The presidency introduced their paper in the civil protection session by stressing the need for the EU to be prepared, improve capabilities, convergence and interoperability and suggesting that some modules (specialised intervention teams based on member state assets) be put on standby. A number of member states supported the need for co-operation, but responded with caution regarding new structures and any suggestion of EU authority over national resources. Modules must remain on a voluntary basis to ensure that member states have full control over the use of their own assets. It was concluded that these should remain voluntary but the EU should look at any capability gaps and support joint training initiatives.
The presidency presented the migration pact and said that they hoped to adopt it at the October council. All member states supported the pact but raised points of detail, with some arguing that asylum procedures should not be changed, others wanting a single consolidated instrument on legal migration procedures, concerns regarding the creation of a common border guard; and some seeking a stronger reference to burden sharing of people.
The UK welcomed the pact and noted that the EU should continue to focus on practical measures that deliver results including on data sharing, border control, and passenger name records (PNR). The EUs border agency, Frontex, (among others) should be used to strengthen the external border but the responsibility
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The first justice session opened with a debate introduced by the presidency about whether judges required further training in EU law and judicial co-operation. Most member states welcomed the discussion but concerns were raised about judicial independence and the way the training should be delivered. Most thought that any such training should be open to judges, prosecutors and court officials and that the key subjects should be EU law, other member states law and language training.
The second justice session focused on the protection of children and vulnerable adults. For the discussion on protecting children, the presidency urged member states to establish national missing child alert systems which should be interoperable. The UK supported both the principle and detail of the presidencys ideas and explained that the UK was rolling out an alert system. Information sharing on convicted sex offenders, use of CCTV and automatic number plate recognition were all also useful. The presidency concluded that the child alert system would be taken forward.
There was a discussion about how the European Union should deal with the question of the protection of vulnerable adults in order to meet the challenges of an ageing population and the high level of mobility of European citizens. The presidency encouraged member states to ratify the Hague Convention on the international protection of vulnerable adults and there was a discussion about how member states could improve the implementation of the convention. The UK signed and ratified the convention within Scotland in 2003. Work is under way to extend the convention to cover England and Wales.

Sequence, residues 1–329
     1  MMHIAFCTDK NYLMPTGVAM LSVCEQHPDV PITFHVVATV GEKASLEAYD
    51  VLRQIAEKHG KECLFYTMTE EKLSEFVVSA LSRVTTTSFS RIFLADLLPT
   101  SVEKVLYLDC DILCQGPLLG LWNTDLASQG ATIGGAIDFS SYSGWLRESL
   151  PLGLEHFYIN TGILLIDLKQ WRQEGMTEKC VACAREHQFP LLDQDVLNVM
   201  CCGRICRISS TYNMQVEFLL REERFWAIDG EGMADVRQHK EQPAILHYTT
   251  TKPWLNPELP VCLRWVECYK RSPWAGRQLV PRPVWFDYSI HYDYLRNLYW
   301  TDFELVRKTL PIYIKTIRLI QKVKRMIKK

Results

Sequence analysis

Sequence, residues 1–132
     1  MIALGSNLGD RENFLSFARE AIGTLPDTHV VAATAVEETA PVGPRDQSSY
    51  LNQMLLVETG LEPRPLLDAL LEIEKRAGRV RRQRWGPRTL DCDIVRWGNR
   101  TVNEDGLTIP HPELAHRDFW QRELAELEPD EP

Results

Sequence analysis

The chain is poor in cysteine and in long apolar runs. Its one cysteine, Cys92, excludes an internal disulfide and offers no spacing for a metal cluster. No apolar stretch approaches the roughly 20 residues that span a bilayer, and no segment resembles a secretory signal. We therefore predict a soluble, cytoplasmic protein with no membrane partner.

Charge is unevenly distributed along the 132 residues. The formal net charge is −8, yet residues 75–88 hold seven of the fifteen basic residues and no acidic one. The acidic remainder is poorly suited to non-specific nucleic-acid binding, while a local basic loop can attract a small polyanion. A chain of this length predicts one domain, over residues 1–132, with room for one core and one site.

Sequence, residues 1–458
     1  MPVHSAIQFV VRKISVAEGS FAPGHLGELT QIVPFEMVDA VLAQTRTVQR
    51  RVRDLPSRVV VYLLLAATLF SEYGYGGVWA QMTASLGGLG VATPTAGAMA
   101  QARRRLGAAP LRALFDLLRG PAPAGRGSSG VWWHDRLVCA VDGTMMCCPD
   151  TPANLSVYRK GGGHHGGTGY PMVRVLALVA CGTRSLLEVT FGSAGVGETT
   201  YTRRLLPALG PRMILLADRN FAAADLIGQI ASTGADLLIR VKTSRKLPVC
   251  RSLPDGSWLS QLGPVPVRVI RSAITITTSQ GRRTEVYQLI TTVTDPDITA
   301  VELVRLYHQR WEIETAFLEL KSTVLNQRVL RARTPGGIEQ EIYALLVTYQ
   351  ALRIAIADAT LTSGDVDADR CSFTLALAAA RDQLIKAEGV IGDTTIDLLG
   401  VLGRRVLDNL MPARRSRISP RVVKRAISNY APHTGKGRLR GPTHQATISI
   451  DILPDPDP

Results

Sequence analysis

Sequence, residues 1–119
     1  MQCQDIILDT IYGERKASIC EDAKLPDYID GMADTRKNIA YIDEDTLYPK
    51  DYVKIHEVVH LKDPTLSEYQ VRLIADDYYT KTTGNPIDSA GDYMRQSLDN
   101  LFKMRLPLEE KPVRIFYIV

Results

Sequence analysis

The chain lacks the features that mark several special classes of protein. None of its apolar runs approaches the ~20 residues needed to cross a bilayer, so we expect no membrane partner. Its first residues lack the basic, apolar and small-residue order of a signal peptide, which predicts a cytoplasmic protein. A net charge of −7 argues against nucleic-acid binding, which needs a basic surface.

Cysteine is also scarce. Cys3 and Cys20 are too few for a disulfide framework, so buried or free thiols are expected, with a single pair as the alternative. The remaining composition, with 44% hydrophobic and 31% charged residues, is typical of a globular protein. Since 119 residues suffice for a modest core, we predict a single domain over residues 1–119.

The Government announced in November 2006 that, as part of their work to improve accountability for EU funds across the EU, HM Treasury would
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The purpose of this arrangement is to strengthen the audit and parliamentary scrutiny of the UK's use of EU funds and help detect any weaknesses in the UK's management of these funds so that these can be more effectively and rapidly tackled. The Statement and C&AG's first report sets an excellent basis for doing this.
The C&AG's positive opinion on regularity clearly shows that the management of EU funds by UK authorities during the period covered by the Statement has been sound and that there has been no evidence of material irregularity in the payments made to beneficiaries. The Government welcome this finding, as providing assurance on the management of EU funds in the UK was one of the Statement's key objectives.
The C&AG's limitation of scope does make it clear that more needs to be done to improve the consistency of the recording and the accounting of EU funding by UK central government bodies. The Government are working to ensure these issues are addressed. In particular, improved guidance is being developed so that all future EU transactions and balances are recorded consistently and separately in the accounts of all the relevant entities. The actions taken this year will be the first in a rolling programme of improvement in this area.